this whitefaced smile,
these nickel-plated teeth,
this laughter can fuck you up.
Just ask the sadistic master
whose slave put the banjo on him
composed a devastating satire
with a rolicking tune.

Men was a-singing it while cutting
trees out in the woods.
Women singing it in the fields.
Even the little children
played games to that song.
Pretty soon folks was singing it
all up & down the river.
Master Robert couldn’t go
nowhere among the slaves
without hearing something of it,
maybe just the tune without the words,
like they was humming it

so Richard Creeks remembered
decades later.

Why laughter? Because tears
were expensive, love meant staking
your happiness on a master’s good will,
but laughter was free.
The banjo doesn’t ask which star
turned a blind eye on your birth.
It doesn’t lullaby or sweet-talk
like some guitar.
And because its father was a goat
& its mother was a gourd vine,
all the while you’re shaking,
head tilted back, it’s climbing
& stripping your tree.


Italicized lines condensed and lightly edited from “Richard Creeks on Songmaking,” in A Treasury of Afro-American Folklore by Harold Courlander (Southmark, 1996), pp. 376-377.

Medicine Show (2)

This entry is part 17 of 34 in the series Breakdown: The Banjo Poems


The folk concept of a dancing crow pre-dates the Jump Jim Crow ministrelsy and has its origins in the old farmer’s practice of soaking corn in whiskey and leaving it out for the crows. The crows eat the corn and become so drunk they cannot fly, but wheel and jump helplessly near the ground where the farmer can kill them with a club. —“Jump Jim Crow,” Wikipedia

While a blackface
musician pays Jump
Jim Crow for
the assembled yokels, oh Lord—
the fake Indian sweating
in a scratchy blanket
holds up a bottle, holds it up:
pale blue universal nostrum of frost
whose patent can stay pending
almost indefinitely.
It’s impossible not to buckdance.
I swear they turn a key
somewhere in my liver
& banjo us with the bright
plink of coins.
This is one church where
we’re all in on the joke
& no one expects the wine
to be anything but whiskey.
A freight hurtles by & we rock
in its sudden wind,
its whistle better
than any pipe organ.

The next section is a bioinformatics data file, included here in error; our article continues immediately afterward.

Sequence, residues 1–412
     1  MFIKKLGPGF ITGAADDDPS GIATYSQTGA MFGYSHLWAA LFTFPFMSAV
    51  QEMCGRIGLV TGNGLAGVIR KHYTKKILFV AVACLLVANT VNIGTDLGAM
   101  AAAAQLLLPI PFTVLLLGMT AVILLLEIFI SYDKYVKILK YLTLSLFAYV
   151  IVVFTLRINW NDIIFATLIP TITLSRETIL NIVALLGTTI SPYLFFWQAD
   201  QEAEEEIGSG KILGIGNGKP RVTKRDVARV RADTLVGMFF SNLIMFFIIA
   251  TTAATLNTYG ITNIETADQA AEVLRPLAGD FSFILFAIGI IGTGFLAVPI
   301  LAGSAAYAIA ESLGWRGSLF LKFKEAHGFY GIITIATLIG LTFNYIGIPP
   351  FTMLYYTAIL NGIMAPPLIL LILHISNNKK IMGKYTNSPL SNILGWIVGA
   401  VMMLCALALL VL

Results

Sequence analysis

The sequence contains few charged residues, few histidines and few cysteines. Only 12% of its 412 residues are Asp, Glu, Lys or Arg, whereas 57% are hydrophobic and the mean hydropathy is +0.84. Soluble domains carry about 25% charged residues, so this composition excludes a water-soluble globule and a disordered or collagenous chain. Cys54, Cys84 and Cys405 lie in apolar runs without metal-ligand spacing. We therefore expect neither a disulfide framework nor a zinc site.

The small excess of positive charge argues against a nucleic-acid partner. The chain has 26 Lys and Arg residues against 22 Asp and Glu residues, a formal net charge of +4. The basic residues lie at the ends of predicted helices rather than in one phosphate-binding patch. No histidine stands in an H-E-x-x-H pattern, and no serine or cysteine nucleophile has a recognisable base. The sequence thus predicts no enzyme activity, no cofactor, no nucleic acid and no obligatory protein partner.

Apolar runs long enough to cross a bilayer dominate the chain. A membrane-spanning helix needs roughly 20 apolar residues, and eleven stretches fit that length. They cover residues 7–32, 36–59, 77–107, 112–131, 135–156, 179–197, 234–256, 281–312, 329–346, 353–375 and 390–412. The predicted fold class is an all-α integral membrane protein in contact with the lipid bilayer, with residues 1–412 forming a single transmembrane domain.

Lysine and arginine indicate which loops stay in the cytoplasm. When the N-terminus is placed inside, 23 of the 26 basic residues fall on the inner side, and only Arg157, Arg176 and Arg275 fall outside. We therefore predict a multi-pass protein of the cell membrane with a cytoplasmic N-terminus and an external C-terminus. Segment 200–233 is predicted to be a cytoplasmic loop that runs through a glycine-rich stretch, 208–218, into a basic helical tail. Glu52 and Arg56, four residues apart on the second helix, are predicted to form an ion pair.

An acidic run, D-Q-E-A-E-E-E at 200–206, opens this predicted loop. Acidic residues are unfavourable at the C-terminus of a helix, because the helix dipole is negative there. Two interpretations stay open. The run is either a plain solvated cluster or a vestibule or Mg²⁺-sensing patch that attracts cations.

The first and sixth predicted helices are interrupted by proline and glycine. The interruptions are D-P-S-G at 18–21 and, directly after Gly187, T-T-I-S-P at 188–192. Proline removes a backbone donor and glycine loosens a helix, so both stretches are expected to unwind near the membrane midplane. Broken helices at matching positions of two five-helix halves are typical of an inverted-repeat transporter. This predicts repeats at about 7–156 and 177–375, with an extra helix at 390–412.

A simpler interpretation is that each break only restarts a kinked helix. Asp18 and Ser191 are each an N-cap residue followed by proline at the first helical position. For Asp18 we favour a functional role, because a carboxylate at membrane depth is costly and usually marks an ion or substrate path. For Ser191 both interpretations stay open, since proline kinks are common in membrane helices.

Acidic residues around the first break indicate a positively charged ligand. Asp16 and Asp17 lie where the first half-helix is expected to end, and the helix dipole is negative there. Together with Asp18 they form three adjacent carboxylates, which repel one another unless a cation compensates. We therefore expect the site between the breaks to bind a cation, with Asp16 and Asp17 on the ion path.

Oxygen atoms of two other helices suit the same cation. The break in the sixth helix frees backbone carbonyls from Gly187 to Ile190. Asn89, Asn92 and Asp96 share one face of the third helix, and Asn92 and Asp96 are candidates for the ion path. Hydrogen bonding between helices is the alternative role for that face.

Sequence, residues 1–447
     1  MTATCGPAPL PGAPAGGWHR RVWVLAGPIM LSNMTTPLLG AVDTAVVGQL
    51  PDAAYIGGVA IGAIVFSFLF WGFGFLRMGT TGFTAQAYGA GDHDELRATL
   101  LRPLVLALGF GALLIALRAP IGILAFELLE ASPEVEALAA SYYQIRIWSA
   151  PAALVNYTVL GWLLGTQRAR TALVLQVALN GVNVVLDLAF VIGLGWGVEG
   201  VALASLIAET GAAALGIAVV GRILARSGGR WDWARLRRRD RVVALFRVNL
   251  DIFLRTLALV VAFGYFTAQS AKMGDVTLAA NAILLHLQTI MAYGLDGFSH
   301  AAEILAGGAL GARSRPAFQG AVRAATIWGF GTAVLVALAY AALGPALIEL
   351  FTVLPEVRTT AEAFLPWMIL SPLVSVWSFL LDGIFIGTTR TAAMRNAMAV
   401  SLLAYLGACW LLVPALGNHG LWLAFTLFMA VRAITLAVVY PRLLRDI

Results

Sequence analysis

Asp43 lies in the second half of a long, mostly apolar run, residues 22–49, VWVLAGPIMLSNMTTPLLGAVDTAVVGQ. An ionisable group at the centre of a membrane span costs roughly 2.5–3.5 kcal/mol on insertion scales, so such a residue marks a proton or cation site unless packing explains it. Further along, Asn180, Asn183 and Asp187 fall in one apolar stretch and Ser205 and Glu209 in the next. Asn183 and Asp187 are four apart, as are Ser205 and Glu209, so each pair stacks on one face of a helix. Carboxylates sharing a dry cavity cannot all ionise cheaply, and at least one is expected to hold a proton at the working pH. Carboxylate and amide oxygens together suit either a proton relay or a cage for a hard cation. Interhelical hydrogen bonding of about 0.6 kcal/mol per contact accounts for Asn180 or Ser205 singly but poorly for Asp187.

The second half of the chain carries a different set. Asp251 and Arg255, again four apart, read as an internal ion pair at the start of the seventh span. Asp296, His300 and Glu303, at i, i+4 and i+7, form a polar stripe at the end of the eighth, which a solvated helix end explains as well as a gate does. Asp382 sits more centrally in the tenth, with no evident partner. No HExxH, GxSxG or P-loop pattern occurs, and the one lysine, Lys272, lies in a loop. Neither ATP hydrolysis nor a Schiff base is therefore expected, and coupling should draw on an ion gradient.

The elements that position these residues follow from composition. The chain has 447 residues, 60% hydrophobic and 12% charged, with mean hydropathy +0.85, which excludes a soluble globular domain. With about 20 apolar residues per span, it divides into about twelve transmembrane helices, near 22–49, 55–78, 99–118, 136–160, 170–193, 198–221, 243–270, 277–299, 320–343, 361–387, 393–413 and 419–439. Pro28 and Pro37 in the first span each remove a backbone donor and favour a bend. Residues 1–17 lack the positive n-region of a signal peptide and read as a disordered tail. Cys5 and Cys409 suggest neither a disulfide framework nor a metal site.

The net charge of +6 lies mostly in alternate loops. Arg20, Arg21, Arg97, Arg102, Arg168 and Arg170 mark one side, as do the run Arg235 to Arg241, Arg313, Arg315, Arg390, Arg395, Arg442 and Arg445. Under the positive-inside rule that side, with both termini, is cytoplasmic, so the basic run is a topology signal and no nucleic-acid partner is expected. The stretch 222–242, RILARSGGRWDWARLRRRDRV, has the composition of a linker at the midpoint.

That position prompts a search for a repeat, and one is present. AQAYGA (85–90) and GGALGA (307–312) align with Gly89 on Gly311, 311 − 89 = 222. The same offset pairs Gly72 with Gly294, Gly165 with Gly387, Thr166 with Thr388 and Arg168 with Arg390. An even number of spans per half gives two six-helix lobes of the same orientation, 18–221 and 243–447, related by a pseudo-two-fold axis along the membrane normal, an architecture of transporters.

When your baby wails
like that, cracks Indian Bob,
it’s time for a spoonful,
& the banjo man winks & taps
his rawhide belly.
Somewhere John Brown
is plotting treason, & You—
You are with the sparrows,
rapt, watching how
comically they hop.

Backache and Kidney Mixture Number 20

Open-Backed Banjo

This entry is part 18 of 34 in the series Breakdown: The Banjo Poems


I am untroubled by serpents
or the marinated feet of pigs.
I bear no antipathy toward bears
or the bees they bedevil,
& the devil never tempts me
to any evil I can’t invent on my own
(forgive me if I don’t delve into the details).
What makes me break down is a banjo,
lonesome as our only god the clock
but with two hands, both of them fast.
Looking in its open back
can be disconcerting: What makes it go?
There’s nothing but a bare rod
& the smell of rain.
Where’s the balance wheel?
The escapement?
The gear train?
It calls to me, the ghost in its machine.
Play it, son!
Make it ring like a hammer on steel
& rattle like a Gatling gun
until it smokes.

Banjo vs. Guitar

This entry is part 19 of 34 in the series Breakdown: The Banjo Poems


The Banjo Player, by William Sydney Mount (1856)
The Banjo Player, by William Sydney Mount (1856)

Where guitar says body, banjo says head.

Where guitar says soundboard, banjo says membrane.

Where guitar says six, banjo says one for each finger.

Where guitar says bridge, banjo says keep going.

Where guitar says hole, banjo says full.

Banjo Origins (1): The American Instrument

This entry is part 20 of 34 in the series Breakdown: The Banjo Poems


One scant & skinny time
alone with the astrolabe,
Columbus had a vision of stomachs
blown up thump-hard
& strung with horsehair,
& when he came to,
his mouth was full of the taste
of bitter almonds. All day
his shadow crept around him
on the deck, seeping into
every godforsaken cranny as
he plotted his next voyage:
ascending the world’s nipple by ship.
Surely the Caribs hadn’t
gotten there yet & spoiled it
with their deplorable dietary preferences.
But he saw again
those stark ribs—
frets on a lute, rungs to the crow’s nest–
& below, that pot
in which by the cheerful sound of it
something was bubbling,
something irreplaceable
was being melted down.